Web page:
Monday, January 13, 2014

Do you Have a Plan B?

As a pre-nursing student, you may have applied for our RN or LPN programs this past fall of 2013. If so, you are waiting to hear if you got accepted for fall of 2014. The letters usually go out after March 31st.

As you may know, we only have space for 50-60 students in each nursing program. Since there is a chance you may not get in this year, now would be a good time to make plans for what you are going to do if you don't get accepted into either the LPN or RN program.

Click the links on the right to read more about LCCC and other local programs you may consider applying to. The institutions listed all accept LCCC courses. Once the spring semester is underway, make an appointment with your LCCC advisor to discuss your options.

Monday, October 7, 2013

Time Management and Study Tips


1. PLAN ENOUGH TIME FOR STUDY.
LCCC expects a student to average about two hours in studying (including library work, term papers, themes, etc.) for each hour spent in the classroom. This is an appropriate and realistic guideline. Some students may get by adequately with less. However, many students would do well to plan for somewhat more than the two-for-one ratio.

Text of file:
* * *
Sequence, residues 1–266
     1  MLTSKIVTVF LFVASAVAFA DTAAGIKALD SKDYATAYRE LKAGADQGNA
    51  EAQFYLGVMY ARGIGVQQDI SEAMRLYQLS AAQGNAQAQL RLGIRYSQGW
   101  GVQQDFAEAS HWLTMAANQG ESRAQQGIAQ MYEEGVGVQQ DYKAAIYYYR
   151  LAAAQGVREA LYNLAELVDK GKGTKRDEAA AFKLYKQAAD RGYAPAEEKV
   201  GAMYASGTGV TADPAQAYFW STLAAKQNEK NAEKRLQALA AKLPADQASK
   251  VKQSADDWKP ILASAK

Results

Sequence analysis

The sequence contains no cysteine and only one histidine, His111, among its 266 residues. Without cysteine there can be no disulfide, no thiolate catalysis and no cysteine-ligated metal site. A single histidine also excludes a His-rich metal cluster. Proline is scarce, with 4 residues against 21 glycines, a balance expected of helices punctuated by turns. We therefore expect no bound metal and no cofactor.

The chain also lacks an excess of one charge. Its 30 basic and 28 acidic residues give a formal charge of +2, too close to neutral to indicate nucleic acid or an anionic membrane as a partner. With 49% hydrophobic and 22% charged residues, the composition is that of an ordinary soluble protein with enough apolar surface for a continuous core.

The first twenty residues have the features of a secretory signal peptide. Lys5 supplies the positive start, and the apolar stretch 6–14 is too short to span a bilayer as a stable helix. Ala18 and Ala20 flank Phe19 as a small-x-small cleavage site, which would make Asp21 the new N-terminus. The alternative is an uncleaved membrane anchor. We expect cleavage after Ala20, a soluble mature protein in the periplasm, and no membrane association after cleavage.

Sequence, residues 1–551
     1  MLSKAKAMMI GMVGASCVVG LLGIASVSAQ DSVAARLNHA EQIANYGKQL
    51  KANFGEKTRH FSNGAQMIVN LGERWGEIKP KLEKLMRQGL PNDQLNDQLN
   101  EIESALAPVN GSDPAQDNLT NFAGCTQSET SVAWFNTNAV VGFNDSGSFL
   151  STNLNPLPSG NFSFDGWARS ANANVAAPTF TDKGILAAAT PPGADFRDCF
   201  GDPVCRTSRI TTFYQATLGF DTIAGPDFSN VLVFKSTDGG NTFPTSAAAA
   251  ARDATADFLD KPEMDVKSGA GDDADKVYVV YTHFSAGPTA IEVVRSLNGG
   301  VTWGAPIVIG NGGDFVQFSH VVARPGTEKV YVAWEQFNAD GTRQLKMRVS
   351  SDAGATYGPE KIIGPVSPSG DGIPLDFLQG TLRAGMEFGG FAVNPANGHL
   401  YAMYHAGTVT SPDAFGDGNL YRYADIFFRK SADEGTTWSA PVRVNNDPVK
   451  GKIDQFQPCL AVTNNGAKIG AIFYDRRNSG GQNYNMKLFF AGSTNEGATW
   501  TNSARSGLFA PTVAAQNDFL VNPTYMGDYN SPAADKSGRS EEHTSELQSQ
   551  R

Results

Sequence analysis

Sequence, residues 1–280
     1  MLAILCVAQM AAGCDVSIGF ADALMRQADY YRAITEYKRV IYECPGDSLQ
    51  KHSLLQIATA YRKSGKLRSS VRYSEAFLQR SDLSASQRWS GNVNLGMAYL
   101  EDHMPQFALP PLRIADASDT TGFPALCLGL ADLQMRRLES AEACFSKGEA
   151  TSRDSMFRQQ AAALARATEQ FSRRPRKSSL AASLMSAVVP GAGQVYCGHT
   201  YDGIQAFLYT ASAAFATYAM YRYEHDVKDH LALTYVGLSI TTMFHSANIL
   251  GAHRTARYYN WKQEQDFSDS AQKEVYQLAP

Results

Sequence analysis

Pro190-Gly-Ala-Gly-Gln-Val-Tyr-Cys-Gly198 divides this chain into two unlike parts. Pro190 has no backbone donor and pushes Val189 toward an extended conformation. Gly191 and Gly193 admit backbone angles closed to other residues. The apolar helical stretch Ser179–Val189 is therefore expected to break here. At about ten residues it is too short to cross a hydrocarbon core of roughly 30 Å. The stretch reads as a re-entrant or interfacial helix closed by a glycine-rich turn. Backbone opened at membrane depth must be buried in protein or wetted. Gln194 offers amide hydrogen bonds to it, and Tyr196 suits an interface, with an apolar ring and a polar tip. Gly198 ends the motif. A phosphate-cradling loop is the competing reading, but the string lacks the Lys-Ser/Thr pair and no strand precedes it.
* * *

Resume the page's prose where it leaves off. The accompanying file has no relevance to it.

2. STUDY AT THE SAME TIME EVERY DAY.
Students should schedule certain hours which are used for studying almost every day in a habitual, systematic way. Having regular hours at least five days a week will make it easier to habitually follow the schedule and to maintain an active approach to study.
3. MAKE USE OF THE FREE HOURS DURING THE SCHOOL DAY.
The hours between classes are perhaps a student's most valuable study time yet, ironically, the most frequently misused. A student may effectively utilize these hours reviewing the material and editing the notes of the preceding class and/or studying the material to be discussed in the following class.
4. PLAN STUDY PERIODS TO FOLLOW CLASS PERIODS.
This should be done whenever possible. The next best procedure is to schedule the period for study immediately preceding the class. A student should specify the particular course he will study rather than just marking "study" on his schedule.
5. SPACE STUDY PERIODS.
Fifty to ninety minutes of study at a time for each course works best. Relaxation periods of ten or fifteen minutes should be scheduled between study periods. It is more efficient to study hard for a definite period of time, and then stop for a few minutes, than attempt to study on indefinitely.
6. LEAVE SOME UNSCHEDULED TIME FOR FLEXIBILITY.